Brocade Branches Out SDN Controller Into Lumina

by CXOtoday News Desk    Aug 08, 2017


Brocade is spinning off its SDN controller into a startup called Lumina Networks, which it acquired in recent months. Andrew Coward, the former VP of strategy at Brocade Communications, has become the CEO of Lumina Networks, the new company built with the software-defined networking (SDN) controller assets from Brocade. Lumina Networks, which launched today, will be headquartered in San Jose, California, with offices in the U.K., India, and Australia. Its controller, which is based on OpenDaylight (ODL), will be called the Lumina SDN Controller.

Along with a leading SDN Controller solution, powered by OpenDaylight, Lumina brings a talented team of network software engineers and existing customer engagements with some of the world’s largest service providers. Offering the Lumina SDN Controller, applications and Network Development (NetDev) Services, Lumina is the catalyst that brings open software networking out of the lab and into production networks.

About three years ago, the Brocade controller started as an OpenDaylight distribution — that is, as Brocade’s implementation of OpenDaylight’s open source controller. Using OpenDaylight as its preferred open source controller, Lumina enables service providers to directly control their SDN implementations while providing the flexibility to develop their own solutions through their choice of vendors thus eliminating lock-in. Brocade’s strategy, in contrast to other vendors such as Cisco, was to build a purely open source SDN offering.  

“Transitioning to software-based networks can dramatically lower capital and operational costs while transforming network functionality and customer experience. Yet, the complexity of the transition from hardware to software, along with the crucial requirement of independence from vendors, has made it difficult for service providers to move beyond lab trials and into production environments. This is where open source-based networking technology can help,” the company said in a statement.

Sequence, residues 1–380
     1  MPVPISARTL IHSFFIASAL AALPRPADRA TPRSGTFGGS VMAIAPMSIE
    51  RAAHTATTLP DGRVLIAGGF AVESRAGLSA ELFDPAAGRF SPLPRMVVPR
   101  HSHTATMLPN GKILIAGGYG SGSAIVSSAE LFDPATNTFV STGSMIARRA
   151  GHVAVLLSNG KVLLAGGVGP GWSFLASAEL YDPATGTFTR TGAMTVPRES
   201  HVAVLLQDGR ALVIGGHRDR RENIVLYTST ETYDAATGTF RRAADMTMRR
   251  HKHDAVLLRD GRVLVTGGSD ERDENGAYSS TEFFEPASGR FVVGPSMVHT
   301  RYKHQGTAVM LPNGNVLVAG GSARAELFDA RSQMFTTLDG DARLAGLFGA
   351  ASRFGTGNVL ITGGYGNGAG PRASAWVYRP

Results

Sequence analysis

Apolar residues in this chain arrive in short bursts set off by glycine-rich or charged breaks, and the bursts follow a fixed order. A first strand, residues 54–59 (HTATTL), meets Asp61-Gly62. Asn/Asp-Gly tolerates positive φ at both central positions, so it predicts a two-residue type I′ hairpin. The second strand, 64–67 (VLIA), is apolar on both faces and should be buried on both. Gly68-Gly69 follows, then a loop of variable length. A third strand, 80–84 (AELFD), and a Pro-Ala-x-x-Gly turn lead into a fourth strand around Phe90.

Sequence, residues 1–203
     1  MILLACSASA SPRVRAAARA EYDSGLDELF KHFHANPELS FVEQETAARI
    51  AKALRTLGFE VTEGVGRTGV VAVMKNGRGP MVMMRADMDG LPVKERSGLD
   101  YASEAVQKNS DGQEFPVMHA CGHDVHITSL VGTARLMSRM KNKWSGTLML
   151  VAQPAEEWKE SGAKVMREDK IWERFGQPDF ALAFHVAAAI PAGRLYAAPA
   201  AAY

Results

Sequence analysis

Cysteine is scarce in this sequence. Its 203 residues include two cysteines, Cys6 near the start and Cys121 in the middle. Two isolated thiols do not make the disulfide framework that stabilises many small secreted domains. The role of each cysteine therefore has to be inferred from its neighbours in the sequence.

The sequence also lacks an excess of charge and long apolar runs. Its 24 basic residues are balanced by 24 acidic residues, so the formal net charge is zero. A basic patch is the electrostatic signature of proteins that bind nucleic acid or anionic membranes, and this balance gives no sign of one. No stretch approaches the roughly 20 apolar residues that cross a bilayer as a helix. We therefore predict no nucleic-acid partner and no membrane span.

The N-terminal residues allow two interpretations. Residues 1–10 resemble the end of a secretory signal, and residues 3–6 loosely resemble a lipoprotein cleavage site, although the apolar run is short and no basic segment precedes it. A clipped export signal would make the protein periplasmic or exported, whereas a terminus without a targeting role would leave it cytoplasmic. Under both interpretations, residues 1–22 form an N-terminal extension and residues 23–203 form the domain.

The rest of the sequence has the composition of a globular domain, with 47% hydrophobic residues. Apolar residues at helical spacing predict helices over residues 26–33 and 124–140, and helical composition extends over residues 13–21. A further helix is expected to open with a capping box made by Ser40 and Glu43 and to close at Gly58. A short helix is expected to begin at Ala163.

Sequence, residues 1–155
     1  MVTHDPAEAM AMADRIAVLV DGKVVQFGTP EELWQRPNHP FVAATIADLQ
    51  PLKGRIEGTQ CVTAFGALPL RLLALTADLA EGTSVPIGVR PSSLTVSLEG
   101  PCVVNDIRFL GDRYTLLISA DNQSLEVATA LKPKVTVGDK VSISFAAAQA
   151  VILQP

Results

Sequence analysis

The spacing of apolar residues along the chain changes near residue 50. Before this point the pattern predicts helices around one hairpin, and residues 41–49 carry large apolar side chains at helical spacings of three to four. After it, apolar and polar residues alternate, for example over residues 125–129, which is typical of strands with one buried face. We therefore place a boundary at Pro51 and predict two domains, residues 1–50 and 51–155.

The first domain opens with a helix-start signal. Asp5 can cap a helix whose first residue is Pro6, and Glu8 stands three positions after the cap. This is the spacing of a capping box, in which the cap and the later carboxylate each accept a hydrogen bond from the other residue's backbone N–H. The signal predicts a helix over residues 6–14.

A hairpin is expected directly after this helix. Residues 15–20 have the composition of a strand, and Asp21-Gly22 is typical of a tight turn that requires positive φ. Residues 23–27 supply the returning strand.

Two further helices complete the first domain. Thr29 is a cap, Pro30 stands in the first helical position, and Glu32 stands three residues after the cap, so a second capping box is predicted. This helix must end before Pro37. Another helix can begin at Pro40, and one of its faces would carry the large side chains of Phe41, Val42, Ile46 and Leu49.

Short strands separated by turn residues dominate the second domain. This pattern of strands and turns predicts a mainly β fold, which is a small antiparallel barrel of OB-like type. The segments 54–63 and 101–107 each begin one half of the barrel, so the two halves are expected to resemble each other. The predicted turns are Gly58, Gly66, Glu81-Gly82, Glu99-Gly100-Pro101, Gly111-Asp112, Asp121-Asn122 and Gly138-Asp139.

“Our job is to be the catalyst to help service providers bring open software networking out of the lab and into their live network,” said Andrew Coward, chief executive officer, Lumina Networks. “We started Lumina Networks to ensure providers can use open source in critical use cases. But just delivering technology is not enough. Our customers are doing the implementation with us, so they can learn and acquire the skills, tools and practices needed to develop and manage the platforms we jointly deploy.” 

Lumina also offers NetDev Services to help organizations transform their network engineering and operations team. The NetDev Services team at Lumina works with customers to jointly develop production systems using agile methods to prototype and speed through proof-of-concept and pilot phases. Lumina NetDev Services builds solutions using Lumina, open source tools or competitive products.  The company’s methodologies enable customer teams to become self-sufficient in developing and managing their new open source platforms.

 “By embracing openness and layering innovation, Lumina can claim a distinct differentiation in the SDN market,” said Ray Mota, chief executive officer and principal analyst, ACG Research.  He believes, with a leading SDN Controller, an experienced team of software engineers and a roster of large service providers as customers, Lumina can help network operators expand their use of SDN so they can save time and money.

Broadcom is in the process of acquiring Brocade, with a closing date that’s now delayed until the fourth quarter. Meanwhile, Brocade has been busy divesting into other tchnology businesses through acquisitions and partnerships.